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Traders are pictured at their desks in front of the DAX board at the Frankfurt stock exchange.     Reuters

Traders are pictured at their desks in front of the DAX board at the Frankfurt stock exchange. Reuters

REUTERS

Traders are pictured at their desks in front of the DAX board at the Frankfurt stock exchange. Reuters

Most stocks in Europe advanced yesterday as European Central Bank President Mario Draghi said policy makers are ready to implement further stimulus measures to support the Eurozone economy if necessary.

In Dublin, the ISEQ index of Irish shares rose 0.2pc, with oil and gas explorer Petroneft Resources the big winner, increasing 14.6pc.

On the other side of the board, Ormonde Mining fell the most, down 1.85pc at 5.3c a share.

The Stoxx Europe 600 Index increased 0.2pc to 337.08 at the close of trading, after earlier gaining as much as 1pc and dropping as much as 0.6pc. Some 344 stocks rose, while 252 declined. The benchmark gauge climbed yesterday for the first time in three days as companies, including Marks & Spencer, reported earnings that beat estimates. The benchmark gauge posted the year's biggest weekly rally last week as the Bank of Japan unexpectedly boosted its stimulus.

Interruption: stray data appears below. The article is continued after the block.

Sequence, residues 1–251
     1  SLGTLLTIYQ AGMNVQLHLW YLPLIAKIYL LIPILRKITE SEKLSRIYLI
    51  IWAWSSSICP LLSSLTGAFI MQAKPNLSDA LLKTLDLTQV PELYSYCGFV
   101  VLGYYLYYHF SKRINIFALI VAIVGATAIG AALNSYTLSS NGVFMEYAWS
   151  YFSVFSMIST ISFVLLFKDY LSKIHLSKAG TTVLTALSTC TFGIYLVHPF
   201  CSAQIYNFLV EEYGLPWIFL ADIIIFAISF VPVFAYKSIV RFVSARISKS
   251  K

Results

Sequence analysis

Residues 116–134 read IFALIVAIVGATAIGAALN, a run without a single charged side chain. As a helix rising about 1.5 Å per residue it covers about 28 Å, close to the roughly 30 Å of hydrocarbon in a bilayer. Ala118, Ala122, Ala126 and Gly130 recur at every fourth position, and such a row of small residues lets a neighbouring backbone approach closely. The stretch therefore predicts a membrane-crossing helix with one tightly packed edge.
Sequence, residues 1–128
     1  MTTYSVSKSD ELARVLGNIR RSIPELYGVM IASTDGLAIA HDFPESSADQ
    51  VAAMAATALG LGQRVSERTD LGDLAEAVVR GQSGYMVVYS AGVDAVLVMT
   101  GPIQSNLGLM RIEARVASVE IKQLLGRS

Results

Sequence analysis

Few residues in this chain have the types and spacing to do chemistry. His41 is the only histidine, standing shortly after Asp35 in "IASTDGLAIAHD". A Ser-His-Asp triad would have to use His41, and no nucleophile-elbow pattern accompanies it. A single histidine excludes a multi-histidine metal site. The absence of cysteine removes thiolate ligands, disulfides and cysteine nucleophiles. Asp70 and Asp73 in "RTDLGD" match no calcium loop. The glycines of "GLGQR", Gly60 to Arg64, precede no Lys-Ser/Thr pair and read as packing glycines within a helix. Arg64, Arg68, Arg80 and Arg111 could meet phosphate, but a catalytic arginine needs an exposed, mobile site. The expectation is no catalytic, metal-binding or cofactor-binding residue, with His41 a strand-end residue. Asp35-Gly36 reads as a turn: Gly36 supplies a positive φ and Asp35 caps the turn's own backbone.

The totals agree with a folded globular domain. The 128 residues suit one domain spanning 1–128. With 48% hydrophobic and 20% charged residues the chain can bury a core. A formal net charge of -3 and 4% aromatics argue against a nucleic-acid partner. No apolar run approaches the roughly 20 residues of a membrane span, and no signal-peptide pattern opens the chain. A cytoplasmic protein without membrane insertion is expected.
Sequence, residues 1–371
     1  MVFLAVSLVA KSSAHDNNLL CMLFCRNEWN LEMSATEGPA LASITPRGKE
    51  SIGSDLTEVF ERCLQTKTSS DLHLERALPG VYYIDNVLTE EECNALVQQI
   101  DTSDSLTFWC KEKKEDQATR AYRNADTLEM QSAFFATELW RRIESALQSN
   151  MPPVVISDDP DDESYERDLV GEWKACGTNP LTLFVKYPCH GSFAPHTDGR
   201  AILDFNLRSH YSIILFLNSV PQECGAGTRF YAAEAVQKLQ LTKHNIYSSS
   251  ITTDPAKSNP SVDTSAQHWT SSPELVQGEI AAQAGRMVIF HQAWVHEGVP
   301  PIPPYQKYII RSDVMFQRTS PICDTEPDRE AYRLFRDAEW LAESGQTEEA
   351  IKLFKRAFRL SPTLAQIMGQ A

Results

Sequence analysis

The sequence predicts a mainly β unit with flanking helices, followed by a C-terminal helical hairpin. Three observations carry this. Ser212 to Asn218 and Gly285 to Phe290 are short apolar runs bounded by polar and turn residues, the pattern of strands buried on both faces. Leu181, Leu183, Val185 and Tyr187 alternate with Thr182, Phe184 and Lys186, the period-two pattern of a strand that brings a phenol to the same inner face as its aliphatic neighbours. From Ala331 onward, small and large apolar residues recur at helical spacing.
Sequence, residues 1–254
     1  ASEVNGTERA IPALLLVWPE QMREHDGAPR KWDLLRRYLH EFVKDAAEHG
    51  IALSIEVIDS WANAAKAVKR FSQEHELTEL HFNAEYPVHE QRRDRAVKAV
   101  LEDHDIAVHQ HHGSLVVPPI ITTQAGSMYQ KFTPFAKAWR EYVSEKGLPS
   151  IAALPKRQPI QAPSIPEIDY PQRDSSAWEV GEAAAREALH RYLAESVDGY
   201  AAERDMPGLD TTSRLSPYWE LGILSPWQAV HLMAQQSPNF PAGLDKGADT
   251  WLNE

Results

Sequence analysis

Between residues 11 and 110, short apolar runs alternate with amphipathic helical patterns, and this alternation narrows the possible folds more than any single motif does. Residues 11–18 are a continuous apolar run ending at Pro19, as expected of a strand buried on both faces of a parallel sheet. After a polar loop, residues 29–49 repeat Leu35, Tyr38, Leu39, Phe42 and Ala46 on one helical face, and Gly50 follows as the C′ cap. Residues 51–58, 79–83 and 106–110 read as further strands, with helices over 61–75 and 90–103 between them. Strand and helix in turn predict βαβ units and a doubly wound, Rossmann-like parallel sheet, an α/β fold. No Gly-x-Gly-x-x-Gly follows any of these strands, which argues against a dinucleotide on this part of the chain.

"The key message was the same as it was last Friday with the Bank of Japan - investors remain obsessed with monetary policy," said Tristan Abet from Louis Capital Markets.

"Does it make sense to buy equities because of the meeting? No. There were no new elements. Investors who were short bought back their short positions on the news, because they maybe considered it was dovish."

The flagging regional economy and increased monetary stimulus from the Bank of Japan have put pressure on Europe's policy makers to do more to support a recovery. Over half the economists surveyed by Bloomberg predicted the ECB will eventually embark on large-scale sovereign-bond purchases.

National benchmark indexes rose in 13 of the 18 western European markets.

The UK's FTSE 100 added 0.2pc and France's CAC 40 climbed 0.5pc. (Additional reporting Bloomberg)

Irish Independent